INTRODUCTION: METHODOLOGY AND APOLOGIA
The Federation of Rhodesia and Nyasaland consists of some 7,000,000 Africans and 250,000 whites. This is its most obvious, most basic, and most ignored statistic. It is a fact that can easily be forgotten in studying the Federation's white government, judiciary and civil service or while wandering amongst the modern commercial skyscrapers of Salisbury, Bulawayo, Ndola and Lusaka.
Yet this cold, immutable statistic confounds all dreams of white supremacy, places pious platitudes about "multiracialism" in proportion, and decrees that the country is irretrievably destined, eventually, to become an African state, and not an outpost of white Empire.
The only question is whether that destiny will be realized as the culmination of peaceful, orderly, planned cooperation between the races, or in violence and chaos. Phrased in a way more relevant to those not resident in the Federation, the question is whether central Africa can find its way to independence as a free African state in friendly association with the western democratic community or whether it must undergo a stage of violent, introverted black nationalism.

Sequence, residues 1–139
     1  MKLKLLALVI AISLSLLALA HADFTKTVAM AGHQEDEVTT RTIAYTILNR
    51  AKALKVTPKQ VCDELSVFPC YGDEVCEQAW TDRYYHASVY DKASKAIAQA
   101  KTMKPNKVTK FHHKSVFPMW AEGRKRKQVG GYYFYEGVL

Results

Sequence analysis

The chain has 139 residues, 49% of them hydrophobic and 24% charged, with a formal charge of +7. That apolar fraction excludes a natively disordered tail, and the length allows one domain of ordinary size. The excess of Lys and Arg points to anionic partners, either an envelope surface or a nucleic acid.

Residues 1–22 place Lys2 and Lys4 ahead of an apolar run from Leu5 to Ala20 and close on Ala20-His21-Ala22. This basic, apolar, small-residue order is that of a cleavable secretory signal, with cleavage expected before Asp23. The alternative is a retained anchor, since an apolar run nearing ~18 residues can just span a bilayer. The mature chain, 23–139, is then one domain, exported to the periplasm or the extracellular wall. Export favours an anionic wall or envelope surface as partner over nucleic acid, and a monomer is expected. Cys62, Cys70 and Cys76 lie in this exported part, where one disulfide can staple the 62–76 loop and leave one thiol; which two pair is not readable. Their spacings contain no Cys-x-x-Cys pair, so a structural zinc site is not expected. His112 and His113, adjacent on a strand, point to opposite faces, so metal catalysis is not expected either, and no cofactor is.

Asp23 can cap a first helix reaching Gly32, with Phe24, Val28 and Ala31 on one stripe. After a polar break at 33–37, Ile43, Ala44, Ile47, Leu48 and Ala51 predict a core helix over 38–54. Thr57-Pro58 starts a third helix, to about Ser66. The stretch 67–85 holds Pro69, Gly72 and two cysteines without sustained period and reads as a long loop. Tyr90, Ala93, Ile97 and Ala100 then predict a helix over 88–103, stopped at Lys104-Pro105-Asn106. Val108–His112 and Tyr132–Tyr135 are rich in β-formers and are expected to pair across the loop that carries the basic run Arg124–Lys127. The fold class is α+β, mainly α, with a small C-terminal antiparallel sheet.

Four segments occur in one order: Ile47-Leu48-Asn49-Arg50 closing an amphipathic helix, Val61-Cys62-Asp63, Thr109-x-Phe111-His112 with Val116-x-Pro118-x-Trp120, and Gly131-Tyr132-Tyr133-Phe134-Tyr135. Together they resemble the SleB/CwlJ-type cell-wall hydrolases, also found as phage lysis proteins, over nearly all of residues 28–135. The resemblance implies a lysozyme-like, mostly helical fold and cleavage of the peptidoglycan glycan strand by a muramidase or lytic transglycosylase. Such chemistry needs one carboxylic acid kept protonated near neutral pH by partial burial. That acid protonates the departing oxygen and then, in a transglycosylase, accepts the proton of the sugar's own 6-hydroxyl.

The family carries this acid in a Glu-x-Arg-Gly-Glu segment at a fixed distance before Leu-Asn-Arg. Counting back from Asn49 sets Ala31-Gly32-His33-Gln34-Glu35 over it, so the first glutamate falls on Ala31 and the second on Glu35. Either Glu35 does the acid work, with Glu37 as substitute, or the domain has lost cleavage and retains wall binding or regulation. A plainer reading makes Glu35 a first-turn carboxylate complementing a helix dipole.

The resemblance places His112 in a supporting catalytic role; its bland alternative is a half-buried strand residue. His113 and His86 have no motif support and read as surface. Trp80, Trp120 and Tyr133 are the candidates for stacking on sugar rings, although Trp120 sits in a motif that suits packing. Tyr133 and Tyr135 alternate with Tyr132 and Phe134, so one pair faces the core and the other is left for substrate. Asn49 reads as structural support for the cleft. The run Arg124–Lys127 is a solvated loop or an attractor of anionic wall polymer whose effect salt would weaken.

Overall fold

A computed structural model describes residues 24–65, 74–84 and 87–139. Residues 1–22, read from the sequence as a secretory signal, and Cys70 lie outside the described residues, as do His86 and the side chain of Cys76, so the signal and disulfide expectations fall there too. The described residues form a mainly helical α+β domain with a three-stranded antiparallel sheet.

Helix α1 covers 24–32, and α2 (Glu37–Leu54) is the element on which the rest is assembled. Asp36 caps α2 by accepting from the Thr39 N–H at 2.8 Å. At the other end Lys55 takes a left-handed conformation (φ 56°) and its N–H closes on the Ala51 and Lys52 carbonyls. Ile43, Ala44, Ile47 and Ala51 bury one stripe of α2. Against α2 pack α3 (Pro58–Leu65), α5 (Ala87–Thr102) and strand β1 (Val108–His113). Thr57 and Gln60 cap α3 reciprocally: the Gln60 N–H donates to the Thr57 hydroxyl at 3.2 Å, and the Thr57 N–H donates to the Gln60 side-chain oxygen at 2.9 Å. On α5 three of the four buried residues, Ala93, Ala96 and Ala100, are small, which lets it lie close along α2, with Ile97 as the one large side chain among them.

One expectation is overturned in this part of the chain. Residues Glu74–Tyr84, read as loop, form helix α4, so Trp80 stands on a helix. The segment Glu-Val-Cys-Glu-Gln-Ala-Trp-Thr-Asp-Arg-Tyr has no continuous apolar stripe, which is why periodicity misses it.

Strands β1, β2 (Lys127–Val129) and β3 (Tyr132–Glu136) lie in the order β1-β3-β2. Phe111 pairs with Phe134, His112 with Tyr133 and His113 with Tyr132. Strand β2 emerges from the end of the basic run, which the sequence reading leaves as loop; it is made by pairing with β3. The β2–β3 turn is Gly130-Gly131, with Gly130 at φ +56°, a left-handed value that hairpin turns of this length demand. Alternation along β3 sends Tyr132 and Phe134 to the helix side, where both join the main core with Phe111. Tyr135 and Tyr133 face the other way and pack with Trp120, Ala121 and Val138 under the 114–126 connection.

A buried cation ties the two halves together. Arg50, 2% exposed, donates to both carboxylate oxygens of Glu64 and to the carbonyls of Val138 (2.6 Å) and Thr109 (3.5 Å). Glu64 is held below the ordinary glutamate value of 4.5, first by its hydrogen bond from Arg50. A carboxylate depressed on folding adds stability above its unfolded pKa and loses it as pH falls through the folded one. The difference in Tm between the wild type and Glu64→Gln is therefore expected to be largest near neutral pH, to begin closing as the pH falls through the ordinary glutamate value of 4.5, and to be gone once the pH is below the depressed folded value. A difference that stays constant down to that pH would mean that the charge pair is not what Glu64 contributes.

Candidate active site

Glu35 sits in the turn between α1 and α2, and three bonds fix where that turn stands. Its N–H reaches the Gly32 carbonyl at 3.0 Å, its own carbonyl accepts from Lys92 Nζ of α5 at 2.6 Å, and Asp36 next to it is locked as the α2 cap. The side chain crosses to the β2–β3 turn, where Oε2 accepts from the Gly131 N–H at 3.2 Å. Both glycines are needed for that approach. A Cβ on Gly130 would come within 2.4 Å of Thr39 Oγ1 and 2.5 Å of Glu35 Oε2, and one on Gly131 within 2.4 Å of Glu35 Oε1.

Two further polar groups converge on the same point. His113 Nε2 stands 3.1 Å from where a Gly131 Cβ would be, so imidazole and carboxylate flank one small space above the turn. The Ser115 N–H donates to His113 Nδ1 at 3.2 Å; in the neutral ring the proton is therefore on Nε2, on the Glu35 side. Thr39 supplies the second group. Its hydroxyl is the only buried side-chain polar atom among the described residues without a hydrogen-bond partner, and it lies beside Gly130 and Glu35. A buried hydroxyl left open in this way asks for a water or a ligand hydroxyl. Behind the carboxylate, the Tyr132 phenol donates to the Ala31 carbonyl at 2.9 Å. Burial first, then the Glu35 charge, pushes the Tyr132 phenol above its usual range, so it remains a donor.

Precisely because this question is still unanswered, the Federation is a unique and crucial phenomenon on a continent increasingly divided by hard lines between areas of white supremacy and black nationalism. The shape of the Federation is still sufficiently fluid to be of particular interest both to the political scientist and to the observer of contemporary history. There is still hope that the Federation may pilot the way around the dangerous reefs of ethnic divisiveness, reaching a happier solution to the problems of a maturing continent.